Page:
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Nene makes presence felt in return

nenej.jpg

Nene makes presence felt in return

The end result might have been the same, but there were quite a few changes for the Wizards in their 101-100 overtime loss to the Atlanta Hawks Wednesday night.

The most obvious, and to some the most surprising, was the return of Brazilian center Nene to the lineup.

Sidelined since the start of training camp with persistent pain in his left feel as a result of plantar fasciitis, Nene participated in his first full practice on Tuesday and was a solid contributor in his season debut for the Wizards.

In 19:43 off the bench, Nene went 2-for-5 from the field and 8-for-10 from the foul line to finish with 12 points in the loss. Although he finished with just one rebound, Nene ran the floor well and was disruptive under the basket at both ends.

In other injury news, Trevor Booker sat out his first game of the season with a right knee strain. He suffered the injury late in the Wizards’ loss to the Indiana Pacers on Monday night.

Starting lineup: Wizards coach Randy Wittman promised a new starting lineup against Atlanta and he delivered one, replacing Emeka Okfor, Trevor Ariza and A.J. Price with Kevin Seraphin, Shaun Livingston and Bradley Beal. The other two starters were Jan Vesely and Jordan Crawford.

Of those five starters against the Hawks, only Bradley Beal had started in the season opener.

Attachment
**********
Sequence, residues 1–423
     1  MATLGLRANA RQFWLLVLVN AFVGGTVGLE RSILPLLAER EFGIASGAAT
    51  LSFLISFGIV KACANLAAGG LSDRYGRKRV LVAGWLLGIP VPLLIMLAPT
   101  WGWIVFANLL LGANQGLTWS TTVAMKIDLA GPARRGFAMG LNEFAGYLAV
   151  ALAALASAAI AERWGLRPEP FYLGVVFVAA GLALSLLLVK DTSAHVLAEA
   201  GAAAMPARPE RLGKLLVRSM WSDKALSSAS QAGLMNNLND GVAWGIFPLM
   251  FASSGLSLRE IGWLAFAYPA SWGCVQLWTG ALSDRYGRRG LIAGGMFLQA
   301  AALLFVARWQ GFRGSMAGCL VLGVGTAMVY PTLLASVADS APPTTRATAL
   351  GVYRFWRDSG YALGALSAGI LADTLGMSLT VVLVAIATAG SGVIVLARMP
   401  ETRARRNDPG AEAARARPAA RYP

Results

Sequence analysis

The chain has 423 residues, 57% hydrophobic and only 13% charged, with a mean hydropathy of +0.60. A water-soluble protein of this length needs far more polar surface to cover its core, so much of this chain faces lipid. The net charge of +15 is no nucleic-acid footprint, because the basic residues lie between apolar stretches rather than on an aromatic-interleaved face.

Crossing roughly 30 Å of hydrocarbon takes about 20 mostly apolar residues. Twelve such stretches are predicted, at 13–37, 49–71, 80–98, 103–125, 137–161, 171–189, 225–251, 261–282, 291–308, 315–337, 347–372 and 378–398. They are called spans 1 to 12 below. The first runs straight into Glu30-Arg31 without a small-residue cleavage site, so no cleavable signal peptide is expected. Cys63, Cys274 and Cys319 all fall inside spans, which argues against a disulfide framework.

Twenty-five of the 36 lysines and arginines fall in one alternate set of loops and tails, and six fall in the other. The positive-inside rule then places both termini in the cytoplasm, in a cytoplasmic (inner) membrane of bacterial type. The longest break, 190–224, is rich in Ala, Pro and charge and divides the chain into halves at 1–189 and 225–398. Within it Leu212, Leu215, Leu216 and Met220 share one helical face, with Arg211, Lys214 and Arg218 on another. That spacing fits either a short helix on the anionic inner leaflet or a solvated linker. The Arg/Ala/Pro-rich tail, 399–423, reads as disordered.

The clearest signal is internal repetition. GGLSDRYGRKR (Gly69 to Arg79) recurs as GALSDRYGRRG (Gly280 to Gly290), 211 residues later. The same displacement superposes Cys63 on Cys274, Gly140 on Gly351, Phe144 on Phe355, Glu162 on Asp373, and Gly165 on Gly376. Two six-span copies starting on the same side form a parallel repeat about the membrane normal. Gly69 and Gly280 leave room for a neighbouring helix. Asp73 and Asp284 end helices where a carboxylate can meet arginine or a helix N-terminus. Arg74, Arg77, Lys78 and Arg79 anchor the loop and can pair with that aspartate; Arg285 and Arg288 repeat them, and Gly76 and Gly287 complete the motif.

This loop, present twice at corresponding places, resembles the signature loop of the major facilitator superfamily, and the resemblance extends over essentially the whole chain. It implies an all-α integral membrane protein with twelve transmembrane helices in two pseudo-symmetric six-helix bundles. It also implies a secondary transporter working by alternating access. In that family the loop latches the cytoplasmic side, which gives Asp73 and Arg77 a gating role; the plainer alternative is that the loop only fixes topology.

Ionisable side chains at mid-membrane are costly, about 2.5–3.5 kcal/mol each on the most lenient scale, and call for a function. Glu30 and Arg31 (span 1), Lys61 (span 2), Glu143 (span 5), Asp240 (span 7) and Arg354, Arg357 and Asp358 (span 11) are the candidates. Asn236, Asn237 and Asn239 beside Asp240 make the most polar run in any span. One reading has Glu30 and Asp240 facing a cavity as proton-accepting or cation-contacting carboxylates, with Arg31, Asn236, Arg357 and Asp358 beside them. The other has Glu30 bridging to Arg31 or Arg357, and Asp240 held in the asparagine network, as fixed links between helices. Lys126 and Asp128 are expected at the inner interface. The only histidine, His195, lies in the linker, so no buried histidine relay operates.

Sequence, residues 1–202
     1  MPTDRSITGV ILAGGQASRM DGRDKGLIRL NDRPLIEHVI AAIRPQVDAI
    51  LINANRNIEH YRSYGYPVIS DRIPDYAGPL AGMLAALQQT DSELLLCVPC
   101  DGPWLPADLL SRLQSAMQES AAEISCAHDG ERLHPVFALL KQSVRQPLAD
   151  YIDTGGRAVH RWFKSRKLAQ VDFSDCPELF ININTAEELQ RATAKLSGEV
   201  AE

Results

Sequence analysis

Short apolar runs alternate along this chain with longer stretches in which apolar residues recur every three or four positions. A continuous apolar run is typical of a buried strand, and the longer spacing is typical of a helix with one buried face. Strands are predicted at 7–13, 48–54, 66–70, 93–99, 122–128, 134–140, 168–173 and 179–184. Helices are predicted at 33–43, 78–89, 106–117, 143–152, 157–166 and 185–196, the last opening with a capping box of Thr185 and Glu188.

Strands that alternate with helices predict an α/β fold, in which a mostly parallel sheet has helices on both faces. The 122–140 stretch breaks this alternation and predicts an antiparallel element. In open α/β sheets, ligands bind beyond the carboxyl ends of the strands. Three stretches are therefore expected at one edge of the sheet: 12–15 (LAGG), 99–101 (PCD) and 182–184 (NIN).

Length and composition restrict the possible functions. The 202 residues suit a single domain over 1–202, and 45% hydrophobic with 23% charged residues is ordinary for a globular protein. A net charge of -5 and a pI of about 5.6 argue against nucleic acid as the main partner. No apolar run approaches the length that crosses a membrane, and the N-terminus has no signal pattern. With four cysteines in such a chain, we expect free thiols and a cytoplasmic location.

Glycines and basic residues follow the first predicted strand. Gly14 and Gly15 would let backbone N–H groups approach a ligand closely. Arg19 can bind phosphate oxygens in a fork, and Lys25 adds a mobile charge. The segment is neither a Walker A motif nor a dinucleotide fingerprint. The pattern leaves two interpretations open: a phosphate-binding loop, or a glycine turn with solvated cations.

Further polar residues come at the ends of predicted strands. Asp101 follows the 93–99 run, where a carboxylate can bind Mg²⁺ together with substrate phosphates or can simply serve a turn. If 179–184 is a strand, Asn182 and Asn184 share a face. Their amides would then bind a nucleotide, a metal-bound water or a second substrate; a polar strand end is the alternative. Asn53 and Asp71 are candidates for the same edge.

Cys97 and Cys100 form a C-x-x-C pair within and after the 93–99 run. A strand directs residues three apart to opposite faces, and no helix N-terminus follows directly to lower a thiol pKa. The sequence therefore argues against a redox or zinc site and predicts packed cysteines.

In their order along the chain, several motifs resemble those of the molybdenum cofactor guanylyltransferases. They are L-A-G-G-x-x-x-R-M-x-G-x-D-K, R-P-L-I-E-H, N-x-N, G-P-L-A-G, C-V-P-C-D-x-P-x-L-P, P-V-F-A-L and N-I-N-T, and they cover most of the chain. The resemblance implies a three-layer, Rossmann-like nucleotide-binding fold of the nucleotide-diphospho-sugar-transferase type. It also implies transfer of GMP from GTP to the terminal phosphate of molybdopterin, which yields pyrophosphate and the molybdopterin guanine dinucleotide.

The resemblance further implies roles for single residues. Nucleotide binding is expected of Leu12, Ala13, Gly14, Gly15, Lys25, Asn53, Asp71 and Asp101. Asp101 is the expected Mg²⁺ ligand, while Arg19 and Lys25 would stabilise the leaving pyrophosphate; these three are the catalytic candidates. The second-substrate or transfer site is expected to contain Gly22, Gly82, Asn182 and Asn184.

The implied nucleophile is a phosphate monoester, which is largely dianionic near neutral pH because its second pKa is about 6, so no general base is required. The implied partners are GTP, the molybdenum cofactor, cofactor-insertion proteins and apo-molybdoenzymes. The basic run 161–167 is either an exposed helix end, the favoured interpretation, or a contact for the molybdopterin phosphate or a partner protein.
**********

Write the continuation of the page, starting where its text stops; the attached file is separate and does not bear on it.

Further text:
Of the starters, Seraphin had the most impressive night. The 22-year-old forward recorded season highs in points [21] and rebounds [10] and was a force at both ends of the floor.

Price and Ariza also had big nights off the bench. Price finished with 14 points and seven assists in 31 minutes of action, while Ariza recorded 12 points and a season-high 15 rebounds in nearly 40 minutes of action.

With Nene back in the lineup, Okafor was less of a presence off the bench, contributing six points and four rebounds in 15 minutes of work.

This and that: The Wizards enjoyed a strong night on the glass, outrebounding the Hawks by 39-27 count. … Beal fouled out of a game for the first time in his NBA career. He finished with six points and four assists. … The Wizards’ losing streak in Atlanta is now at nine games. Their last victory there was on Jan. 11, 2008.

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Wizards open to trading big names? New report says 'every player' available for discussion

Wizards open to trading big names? New report says 'every player' available for discussion

With the losses piling up, rumors about the Washington Wizards’ future will increase. Another report emerged Monday following Sunday’s 119-109 home loss to the Portland Trailblazers.

From ESPN’s NBA Insider Adrian Wojnarowski:

As the Washington Wizards' season spirals, the franchise has started to deliver teams an impression that every player on their roster -- including All-Star guards John Wall and Bradley Beal -- is available for discussion in trade scenarios, league sources told ESPN.Washington's preference remains to reshape the team around Wall and Beal, but poor play among key teammates is limiting their trade value and paralyzing the Wizards' efforts to make meaningful changes to a roster that no longer appears functional together, league sources said.

This isn’t the first time this season that a report emerged about Washington’s potential involvement in trade talks. There is a difference, however. Prior reports had the Wizards inquiring about adding All-Star talents like Jimmy Butler and Kawhi Leonard to the Wall-Beal pairing as a way to push the projected contenders up the Eastern Conference standings.

This new angle from Wojnarowski is more about breaking up the band because of the off-key tone emerging from this roster after 16 games.